HUNTER: Organized crime using kids to do dirty work

If a kid gets pinched stealing a car, the penalties are paltry

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Isaiah Junger was marked for death and took a pair of bullets for his trouble near Lansdowne Ave. and Bloor St. W. in early February.

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The 18-year-old Mississauga man – a Montreal transplant – was set upon by a quartet. The coda was two bullets with Junger on the losing end.

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Four individuals have been arrested and charged with second-degree murder. They are Hassan Farhat, 19, Fadel Naim, 19, and Dan Hakizimana, 19, of Ottawa.

And … tuh dum … a 17-year-old male youth. Farhat, Naim and the youth are all from Montreal.

Over the past several years, from carjackings to homicides, too frequently an underage youth is a player.

Dan Hakizimana, 19, left, and Fadel Naim, 19, are wanted for second-degree murder.
Dan Hakizimana, 19, left, and Fadel Naim, 19, are wanted for second-degree murder. Photo by HANDOUT /TORONTO POLICE

In Charles Dickens’ iconic novel, Oliver Twist, an older crook named Fagin had a small army of young boys under his auspices carrying out his criminal activities. And like the Dickensian Fagin, modern street gangs have unleashed a chilling youth movement.

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A big part of the reason is that if a kid gets pinched stealing a car, the penalties are paltry. Gangbangers know it. Their youthful soldiers know it. And cops, they know it all too well.

“This has been happening with organized crime for years, the difference now is the level of violence,” one Toronto Police investigator told the Sun, asking that he not be named.

“They pay the kids, especially underprivileged kids, to steal the vehicles but it’s the adult criminals who make the real money by shipping the cars overseas.”

FAGIN: Robert Lindsey as Fagin in the 1999 version of Oliver Twist. CARLETON
FAGIN: Robert Lindsey as Fagin in the 1999 version of Oliver Twist. CARLETON

Earlier this week, cops laid 54 charges against three suspects in connection with a widespread carjacking investigation. The probe concluded with a smash-up derby takedown with the trio smashing several police vehicles in their bid to escape.

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Cops seized guns and $18,000 in the bust.

A victim was exiting a blue BMW X5 in a parking lot when a white SUV parked behind them. Three male – stylishly dressed in all-black clothing and masks – emerged from the SUV, approached the BMW and demanded the keys. A gun was the convincer.

The team tried it again several hours later when they set upon the owner of a white 2021 Lamborghini Urus. Cops say the owner was battered, his keys were lifted before one fled in the Lambo.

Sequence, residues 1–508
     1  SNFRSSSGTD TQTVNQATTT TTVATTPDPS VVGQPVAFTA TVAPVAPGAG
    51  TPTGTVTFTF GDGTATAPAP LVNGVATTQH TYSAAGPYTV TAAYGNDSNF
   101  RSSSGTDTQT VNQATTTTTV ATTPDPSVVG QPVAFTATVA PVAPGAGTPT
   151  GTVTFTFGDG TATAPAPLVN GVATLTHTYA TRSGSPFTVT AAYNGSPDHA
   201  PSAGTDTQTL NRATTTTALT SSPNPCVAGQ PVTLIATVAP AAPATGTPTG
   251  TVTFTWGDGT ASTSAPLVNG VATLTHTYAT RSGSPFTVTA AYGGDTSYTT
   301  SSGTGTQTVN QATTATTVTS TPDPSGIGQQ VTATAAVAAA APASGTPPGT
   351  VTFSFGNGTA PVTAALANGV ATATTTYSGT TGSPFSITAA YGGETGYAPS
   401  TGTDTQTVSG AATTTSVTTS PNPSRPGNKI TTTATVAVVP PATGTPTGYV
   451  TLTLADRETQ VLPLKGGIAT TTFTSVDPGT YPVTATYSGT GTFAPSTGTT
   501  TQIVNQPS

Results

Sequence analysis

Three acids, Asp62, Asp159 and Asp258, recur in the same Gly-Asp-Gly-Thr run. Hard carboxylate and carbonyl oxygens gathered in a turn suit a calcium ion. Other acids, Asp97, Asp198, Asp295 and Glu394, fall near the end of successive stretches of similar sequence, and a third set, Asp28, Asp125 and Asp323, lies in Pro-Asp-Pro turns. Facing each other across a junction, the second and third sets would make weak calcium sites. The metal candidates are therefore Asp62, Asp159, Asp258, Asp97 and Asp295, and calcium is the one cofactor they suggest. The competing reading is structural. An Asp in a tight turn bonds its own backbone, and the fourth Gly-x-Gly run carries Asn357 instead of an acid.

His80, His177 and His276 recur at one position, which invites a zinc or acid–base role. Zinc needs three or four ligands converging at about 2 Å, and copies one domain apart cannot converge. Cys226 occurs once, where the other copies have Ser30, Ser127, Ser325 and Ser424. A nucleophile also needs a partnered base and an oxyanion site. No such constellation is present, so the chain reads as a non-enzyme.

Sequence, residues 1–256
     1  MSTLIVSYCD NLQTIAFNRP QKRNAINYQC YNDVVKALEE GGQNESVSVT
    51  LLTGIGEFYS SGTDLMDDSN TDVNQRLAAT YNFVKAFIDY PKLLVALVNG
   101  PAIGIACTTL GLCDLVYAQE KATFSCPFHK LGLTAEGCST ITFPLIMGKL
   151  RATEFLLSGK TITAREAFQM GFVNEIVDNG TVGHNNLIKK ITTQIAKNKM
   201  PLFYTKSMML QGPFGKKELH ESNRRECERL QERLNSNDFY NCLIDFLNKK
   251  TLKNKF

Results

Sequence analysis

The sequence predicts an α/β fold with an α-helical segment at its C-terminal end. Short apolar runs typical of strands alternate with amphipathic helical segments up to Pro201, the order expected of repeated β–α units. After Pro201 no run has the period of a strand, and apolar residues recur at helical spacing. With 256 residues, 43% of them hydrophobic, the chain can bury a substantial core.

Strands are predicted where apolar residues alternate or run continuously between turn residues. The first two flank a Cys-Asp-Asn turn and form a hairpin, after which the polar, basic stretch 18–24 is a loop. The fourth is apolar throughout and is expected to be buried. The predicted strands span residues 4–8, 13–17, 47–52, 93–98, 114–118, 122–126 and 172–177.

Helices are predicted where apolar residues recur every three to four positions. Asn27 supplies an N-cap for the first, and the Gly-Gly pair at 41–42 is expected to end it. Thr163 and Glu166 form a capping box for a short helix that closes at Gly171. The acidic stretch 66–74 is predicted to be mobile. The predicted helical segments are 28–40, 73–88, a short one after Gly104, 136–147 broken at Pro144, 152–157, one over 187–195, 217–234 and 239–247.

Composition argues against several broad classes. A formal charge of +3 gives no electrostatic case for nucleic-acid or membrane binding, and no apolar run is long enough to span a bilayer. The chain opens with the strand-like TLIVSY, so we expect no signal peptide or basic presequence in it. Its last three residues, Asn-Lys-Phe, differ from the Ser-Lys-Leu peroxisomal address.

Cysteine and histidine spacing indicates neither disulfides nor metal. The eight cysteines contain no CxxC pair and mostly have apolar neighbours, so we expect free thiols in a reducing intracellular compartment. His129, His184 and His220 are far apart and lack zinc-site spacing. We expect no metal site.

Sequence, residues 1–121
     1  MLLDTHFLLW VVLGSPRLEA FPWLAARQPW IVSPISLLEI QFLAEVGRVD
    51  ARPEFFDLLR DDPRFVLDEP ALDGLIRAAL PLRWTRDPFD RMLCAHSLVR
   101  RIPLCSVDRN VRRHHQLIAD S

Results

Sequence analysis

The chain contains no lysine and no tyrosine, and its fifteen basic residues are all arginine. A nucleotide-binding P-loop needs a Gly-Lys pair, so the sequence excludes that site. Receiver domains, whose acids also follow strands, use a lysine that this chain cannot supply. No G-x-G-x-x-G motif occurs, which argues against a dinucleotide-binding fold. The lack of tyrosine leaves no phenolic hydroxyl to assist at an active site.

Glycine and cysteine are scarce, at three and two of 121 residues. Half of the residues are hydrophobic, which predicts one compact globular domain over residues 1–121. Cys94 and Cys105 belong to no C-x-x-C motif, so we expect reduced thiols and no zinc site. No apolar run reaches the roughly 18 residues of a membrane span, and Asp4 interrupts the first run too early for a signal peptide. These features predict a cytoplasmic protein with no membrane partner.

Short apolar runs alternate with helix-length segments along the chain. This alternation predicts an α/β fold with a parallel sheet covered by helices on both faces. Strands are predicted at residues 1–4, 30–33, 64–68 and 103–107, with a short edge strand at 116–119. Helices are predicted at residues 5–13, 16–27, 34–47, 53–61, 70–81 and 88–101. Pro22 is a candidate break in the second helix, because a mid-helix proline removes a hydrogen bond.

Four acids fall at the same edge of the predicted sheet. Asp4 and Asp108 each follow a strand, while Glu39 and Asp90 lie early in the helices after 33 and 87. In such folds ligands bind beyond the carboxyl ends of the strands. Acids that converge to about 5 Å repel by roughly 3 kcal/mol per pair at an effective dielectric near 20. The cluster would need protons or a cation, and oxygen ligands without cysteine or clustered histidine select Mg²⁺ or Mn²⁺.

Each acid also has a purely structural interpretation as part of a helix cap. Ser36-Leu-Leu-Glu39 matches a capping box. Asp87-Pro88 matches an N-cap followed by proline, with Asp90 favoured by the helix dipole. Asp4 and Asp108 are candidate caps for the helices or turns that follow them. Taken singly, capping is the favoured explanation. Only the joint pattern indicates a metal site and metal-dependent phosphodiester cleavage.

Firearms, currency seized
Three loaded handguns with extra magazines and over $18,000 in Canadian currency were seized by Toronto Police after the investigation two armed carjackings in that were five days apart. Photo by Toronto Police Department

Facing a slew of charges are Mehkash Sohal, 19, of Mississauga, Daquon Green, also 19, of Oakville and …. a 17-year-old Oshawa boy from Oshawa who cannot be named under the Youth Criminal Justice Act.

The two adults, of course, were charged with breaching their release orders.

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On Feb. 22, the young bloods were again on a roll, this time in Brampton, an armed carjacking and stabbing.

One of the alleged culprits is an 11-year-old girl.

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The kids lured a victim to a deserted Brampton High School parking lot. The target exited his vehicle and was swarmed with the youths demanding his car keys at knifepoint.

He was hit in the head and stabbed in the leg.

Besides the 11-year-old, a 13-year-old Mississauga girl and a 16-year-old Brampton boy were charged with robbery and assault causing bodily harm. Detectives are also looking for a 17-year-old boy.


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In northwest Toronto, a delivery man was robbed of his vehicle. A man, 18, and a …15-year-old boy were arrested. And, of course, none of the names are being released because of the Youth Justice Act.

“That’s the youth justice system. They have these kids boosting cars, selling drugs, robbing stores and if they get caught, the punishment is laughable – if they get punished at all,” the detective said.

He added: “It’s like season one of The Wire with vehicles instead of drugs.”


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